My apologies for the lack of entries over the weekend. The long-awaited muster rolls have arrived, which has proved a mixed blessing. Several hours and a good bit of eyestrain later, I at least have a good idea what’s on one of the rolls.
First of all, let it be said that microfilm is not a user-friendly medium. I’m not for a second saying that I don’t appreciate the efforts of those who went to the trouble to save countless original documents that have probably rotted away by now. But it will be a very happy day when/ if these things are digitized. I spoke with a representative at NARA before I ordered them, and this is the only medium through which they’ll be available for the foreseeable future. They’re not yet on the digitization schedule for the archives.
The biggest part of the problem is finding a microfilm reader that works. Several of the local libraries that I visited didn’t. Not entirely their fault — library budgets are limited, and one librarian politely pointed out no one had asked about theirs in a couple of years. Two of those I did find operated too poorly to make legible prints.
Additionally, the machines, or at least those that I’ve located so far, print letter size paper. The rolls are on two pieces of 18×24” paper, and often need to be blown up to be legible. The smallest so far has been 5 copies, the largest (6th Cavalry in July 1863) is 18.
This very far from a tale of woe, however. There is great info on these rolls. Quality, primary source information that provide great snapshots of the units as well as running totals of nearly every category in a regiment.
On the first sheet are all of the following totals for each month by company and for the regiment:
Present (commissioned and enlisted, by category, for duty, extra duty, sick, in
Absent (commissioned and enlisted, detached, with leave, without leave, sick, in
* no idea why there are columns for sick and in arrest in both present and absent
Present and Absent (numbers by rank by company of who’s assigned to the
Gains (enlisted categories by company include: recruits thru depot, enlisted in
regiment, re-enlisted, from missing in action, from desertion, by transfer)
Losses (expiration of service, died in action, died of disease, missing in action,
deserted, transferred, discharged by court martial)
Memoranda (columns by company for wounded in action, recruits requested,
serviceable and unserviceable horses and horses lost in action)
Then there are two large narrative entries. The first is for enlisted men on ‘extra’ duty, which are all the folks assigned as teamsters, blacksmiths, orderlies, hospital stewards, etc by name and company. The second is absent enlisted men, accounted for by name, rank and company. (the June and July 1863 muster rolls have continuation pages that list every trooper missing and wounded in the Gettysburg campaign, it’s very sobering to look at). Below this on many months is a Remarks section where the adjutant makes comments about the regiment’s service during that month. Thankfully, penmanship was still a virtue at this time, but the comments are still often difficult to make out.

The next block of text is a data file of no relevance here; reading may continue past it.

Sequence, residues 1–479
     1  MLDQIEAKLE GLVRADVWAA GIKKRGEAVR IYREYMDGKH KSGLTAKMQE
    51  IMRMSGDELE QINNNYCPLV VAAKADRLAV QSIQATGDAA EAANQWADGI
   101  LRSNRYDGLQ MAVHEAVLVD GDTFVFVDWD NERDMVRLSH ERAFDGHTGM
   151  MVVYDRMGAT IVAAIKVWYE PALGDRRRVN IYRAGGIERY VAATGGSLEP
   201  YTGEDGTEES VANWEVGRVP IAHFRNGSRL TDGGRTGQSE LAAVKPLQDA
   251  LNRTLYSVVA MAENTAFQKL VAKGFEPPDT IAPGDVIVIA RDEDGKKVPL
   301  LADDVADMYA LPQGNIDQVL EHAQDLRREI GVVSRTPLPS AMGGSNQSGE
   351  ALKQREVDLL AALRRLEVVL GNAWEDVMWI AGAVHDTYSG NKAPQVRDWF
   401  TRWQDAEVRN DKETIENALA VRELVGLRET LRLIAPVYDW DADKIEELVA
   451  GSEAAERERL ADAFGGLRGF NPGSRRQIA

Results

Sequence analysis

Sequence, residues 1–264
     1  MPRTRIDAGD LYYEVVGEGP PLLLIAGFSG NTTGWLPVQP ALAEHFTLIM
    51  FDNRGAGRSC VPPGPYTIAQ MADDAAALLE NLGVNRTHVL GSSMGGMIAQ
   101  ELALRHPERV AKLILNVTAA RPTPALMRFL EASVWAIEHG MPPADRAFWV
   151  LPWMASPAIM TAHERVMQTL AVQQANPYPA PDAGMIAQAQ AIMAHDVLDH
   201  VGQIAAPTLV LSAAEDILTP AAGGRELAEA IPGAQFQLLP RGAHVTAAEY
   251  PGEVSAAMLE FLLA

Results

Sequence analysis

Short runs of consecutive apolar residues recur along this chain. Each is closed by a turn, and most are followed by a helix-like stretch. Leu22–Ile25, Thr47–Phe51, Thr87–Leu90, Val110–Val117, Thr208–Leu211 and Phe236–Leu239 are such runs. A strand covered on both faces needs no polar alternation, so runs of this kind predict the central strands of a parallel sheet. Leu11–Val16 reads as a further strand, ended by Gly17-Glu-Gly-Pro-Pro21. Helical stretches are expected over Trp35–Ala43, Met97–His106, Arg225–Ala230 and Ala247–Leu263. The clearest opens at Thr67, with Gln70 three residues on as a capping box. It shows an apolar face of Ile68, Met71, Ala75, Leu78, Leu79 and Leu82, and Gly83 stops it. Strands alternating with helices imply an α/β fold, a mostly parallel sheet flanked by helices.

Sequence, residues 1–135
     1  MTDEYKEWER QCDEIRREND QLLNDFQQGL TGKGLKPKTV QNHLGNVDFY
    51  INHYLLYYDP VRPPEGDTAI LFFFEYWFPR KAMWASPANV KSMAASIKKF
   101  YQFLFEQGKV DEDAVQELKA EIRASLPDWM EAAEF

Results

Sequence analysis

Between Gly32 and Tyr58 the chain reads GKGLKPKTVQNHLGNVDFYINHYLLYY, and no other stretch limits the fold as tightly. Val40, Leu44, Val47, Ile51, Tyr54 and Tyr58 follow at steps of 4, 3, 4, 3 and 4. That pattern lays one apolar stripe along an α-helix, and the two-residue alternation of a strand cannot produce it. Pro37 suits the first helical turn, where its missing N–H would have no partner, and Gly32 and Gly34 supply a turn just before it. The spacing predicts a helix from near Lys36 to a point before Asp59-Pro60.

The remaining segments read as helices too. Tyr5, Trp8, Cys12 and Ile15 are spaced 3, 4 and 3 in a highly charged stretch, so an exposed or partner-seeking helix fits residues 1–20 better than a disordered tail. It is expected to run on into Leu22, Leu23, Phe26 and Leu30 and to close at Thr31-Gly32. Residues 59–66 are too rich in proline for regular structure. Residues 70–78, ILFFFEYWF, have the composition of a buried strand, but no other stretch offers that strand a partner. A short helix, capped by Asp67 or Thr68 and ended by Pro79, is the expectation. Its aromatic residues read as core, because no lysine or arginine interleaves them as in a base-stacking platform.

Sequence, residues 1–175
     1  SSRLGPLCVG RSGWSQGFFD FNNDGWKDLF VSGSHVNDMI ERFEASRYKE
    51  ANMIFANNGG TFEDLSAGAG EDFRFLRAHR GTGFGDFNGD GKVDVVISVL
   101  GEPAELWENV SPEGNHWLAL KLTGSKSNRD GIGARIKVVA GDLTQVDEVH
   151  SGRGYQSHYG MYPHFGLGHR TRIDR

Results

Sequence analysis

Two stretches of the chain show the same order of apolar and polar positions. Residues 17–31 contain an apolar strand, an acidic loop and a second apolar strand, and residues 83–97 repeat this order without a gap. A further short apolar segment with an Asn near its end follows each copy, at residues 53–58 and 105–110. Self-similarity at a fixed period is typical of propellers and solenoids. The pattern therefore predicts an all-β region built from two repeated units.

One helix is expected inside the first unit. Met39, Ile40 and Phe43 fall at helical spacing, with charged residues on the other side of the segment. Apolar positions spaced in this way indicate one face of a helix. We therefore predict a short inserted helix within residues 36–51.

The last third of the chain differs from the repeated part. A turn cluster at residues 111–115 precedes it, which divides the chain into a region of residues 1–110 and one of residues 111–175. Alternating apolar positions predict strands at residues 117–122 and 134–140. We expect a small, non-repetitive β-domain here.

On a separate page, the commissioned officers of the regiment are accounted for by name, rank and company. These get interesting. One can see, for example, that only 13 officers were present with the regiment on June 5th (four days before Brandy Station) and where the rest of them were (the majority on a general’s staff, commanding a volunteer regiment, or serving as a general of volunteers). On the other half of this page are the entries for alterations since the previous return among enlisted men, which becomes one of the continuation sheets for casualties during months of heavy fighting.
All in all, lots of neat info in there, it’s just hard to access (I now know where every inoperative microfilm reader is in a 20 mile radius), hard to print, and hard to read the handwriting. But it’s definitely worth the effort.
muster rolls are fundamentally bimonthly audit documents, ideally done in conjunction with a paymaster visit.present sick and present under arrest (not too sick, not too long a sentence)individuals still reguire rations and are so accounted. present sick still gets paid.absent sick and absent under arrest dont draw rations or get paid by the visiting paymaster.extra duty men get additional pay, more for skilled and/or harder work.thats why any good officer did anything he could to have an efficient orderly room (good 1st sgt and clerk).